In general, their various colored pelages (pelts) and their insulative capability makes them valuable to the fur trade.Itís also of interest that the females have denser coats than males, and are of more value in the trade.  

Of the four species in the Mustela genus, the mink is the only one whose pelage doesn't turn white in its winter molt.  This might be a reflection of its aquatic nature, even in winter, where a white coat would stand out.  The three others, which include the long-tailed, short-tailed and least weasel, all are known for their winter white coats.  The long-tailed and short-tailed weasels molts to an all-white pelage with a black-tipped tail.  The black tip on the tail has evolved as a distraction to aerial predators, who tend to focus their aim on this dark spot rather than the main body.  The least weasel does not have the dark-tipped tail.This appears to be a function of the least weasel's small size, where the decoy isn't far enough from the vulnerable body to afford any protection.

However, the white winter pelage is only an effective camouflage where there is a reliable snow cover.As a result, there is a transitional zone where the winter coat is a mixture of white and brown (piebald).This zone is found from central Pennsylvania through Maryland and into northern West Virginia and Virginia.South of this zone, the winter coats are solid brown.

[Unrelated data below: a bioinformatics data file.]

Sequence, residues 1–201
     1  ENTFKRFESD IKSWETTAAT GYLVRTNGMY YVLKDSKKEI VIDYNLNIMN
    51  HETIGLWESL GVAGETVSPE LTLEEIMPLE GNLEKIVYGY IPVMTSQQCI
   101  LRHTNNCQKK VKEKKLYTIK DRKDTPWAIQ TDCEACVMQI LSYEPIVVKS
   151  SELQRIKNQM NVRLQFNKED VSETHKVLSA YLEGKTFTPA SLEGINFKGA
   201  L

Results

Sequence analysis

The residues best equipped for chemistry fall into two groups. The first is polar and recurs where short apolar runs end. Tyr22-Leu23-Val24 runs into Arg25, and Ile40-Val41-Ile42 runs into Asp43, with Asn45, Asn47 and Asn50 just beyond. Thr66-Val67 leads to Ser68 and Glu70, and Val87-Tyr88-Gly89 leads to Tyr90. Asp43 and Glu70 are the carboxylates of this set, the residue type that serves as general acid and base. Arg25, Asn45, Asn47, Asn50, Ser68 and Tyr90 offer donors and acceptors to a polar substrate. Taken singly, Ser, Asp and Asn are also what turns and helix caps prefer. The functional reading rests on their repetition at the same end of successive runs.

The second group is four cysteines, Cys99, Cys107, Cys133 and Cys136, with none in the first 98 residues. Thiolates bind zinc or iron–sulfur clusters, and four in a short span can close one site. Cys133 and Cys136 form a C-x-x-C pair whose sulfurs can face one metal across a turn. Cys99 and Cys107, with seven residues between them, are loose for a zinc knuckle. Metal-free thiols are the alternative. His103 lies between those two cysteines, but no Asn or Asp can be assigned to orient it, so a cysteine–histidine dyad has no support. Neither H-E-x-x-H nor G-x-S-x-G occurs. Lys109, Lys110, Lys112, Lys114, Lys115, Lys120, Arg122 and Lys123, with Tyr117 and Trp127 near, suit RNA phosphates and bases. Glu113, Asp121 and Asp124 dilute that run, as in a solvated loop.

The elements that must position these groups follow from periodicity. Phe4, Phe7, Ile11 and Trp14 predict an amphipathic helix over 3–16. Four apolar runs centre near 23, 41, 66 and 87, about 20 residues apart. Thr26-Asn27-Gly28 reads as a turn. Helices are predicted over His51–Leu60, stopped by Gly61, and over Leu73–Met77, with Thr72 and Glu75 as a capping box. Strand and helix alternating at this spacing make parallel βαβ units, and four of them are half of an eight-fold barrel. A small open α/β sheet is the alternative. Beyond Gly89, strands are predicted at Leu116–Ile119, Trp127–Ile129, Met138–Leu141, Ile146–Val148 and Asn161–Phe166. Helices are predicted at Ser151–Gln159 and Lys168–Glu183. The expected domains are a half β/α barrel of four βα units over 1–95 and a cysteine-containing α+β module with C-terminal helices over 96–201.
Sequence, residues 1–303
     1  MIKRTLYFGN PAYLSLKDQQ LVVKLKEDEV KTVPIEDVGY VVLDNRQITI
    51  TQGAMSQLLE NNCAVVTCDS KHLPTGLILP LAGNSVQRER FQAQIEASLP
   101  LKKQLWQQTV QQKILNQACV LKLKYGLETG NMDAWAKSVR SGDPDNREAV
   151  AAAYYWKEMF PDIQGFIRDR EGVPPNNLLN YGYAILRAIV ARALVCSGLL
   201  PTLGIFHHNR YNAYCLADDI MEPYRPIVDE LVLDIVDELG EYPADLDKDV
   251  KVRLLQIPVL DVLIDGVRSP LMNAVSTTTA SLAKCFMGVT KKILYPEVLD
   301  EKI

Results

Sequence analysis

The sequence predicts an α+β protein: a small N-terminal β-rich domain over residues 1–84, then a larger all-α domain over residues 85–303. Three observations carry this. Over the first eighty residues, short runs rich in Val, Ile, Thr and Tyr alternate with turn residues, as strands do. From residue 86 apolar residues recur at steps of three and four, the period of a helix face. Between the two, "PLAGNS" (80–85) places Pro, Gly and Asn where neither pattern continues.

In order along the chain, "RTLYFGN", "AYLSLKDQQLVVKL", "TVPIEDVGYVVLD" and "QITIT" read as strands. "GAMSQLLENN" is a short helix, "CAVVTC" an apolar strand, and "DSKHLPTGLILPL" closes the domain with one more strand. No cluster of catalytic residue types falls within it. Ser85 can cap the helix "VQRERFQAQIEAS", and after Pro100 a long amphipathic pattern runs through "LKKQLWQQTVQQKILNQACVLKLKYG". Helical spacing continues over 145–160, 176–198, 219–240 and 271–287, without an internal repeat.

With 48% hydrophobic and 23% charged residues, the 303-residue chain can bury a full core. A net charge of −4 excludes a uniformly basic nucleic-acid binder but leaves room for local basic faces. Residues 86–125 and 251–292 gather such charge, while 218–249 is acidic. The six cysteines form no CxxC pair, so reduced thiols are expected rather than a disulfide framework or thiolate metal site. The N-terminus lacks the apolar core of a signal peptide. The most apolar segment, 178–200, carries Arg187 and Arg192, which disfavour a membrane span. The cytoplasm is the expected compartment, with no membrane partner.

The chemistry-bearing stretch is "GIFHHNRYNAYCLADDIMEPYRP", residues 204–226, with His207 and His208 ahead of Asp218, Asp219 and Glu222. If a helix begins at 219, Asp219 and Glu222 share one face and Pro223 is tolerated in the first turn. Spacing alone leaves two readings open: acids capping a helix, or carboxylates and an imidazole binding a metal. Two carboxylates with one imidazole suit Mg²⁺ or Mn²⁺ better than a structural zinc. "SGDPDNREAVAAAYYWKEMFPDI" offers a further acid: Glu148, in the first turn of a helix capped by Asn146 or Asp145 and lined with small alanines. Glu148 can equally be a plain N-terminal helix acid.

Weasels, active all winter, and requiring a high caloric input, must take advantage of prey whenever it can take advantage of it.They do this by caching its prey.Thus, the stories of weasels killing all of the chickens in the hen house, driven by a wasteful and uncontrolled instinct to kill is not indicative of what is occurring. What it does not eat today, it will need/eat tomorrow.Caches of over a hundred rats and mice have been recorded.Additionally, the long and narrow body form creates a small stomach, in which only small amounts of intake can occur at any one time.Thus, the body form, extremely efficient at hunting, also creates a body form that is extremely inefficient at eating and staying warm/alive.With such a high surface area to volume ration of these small mammals, they must compensate through hyperactivity and naturally high metabolic rates that burn a lot of calories and produce heat.To achieve this, a long-tailed weaselís heart beats 400 to 500 times a minute.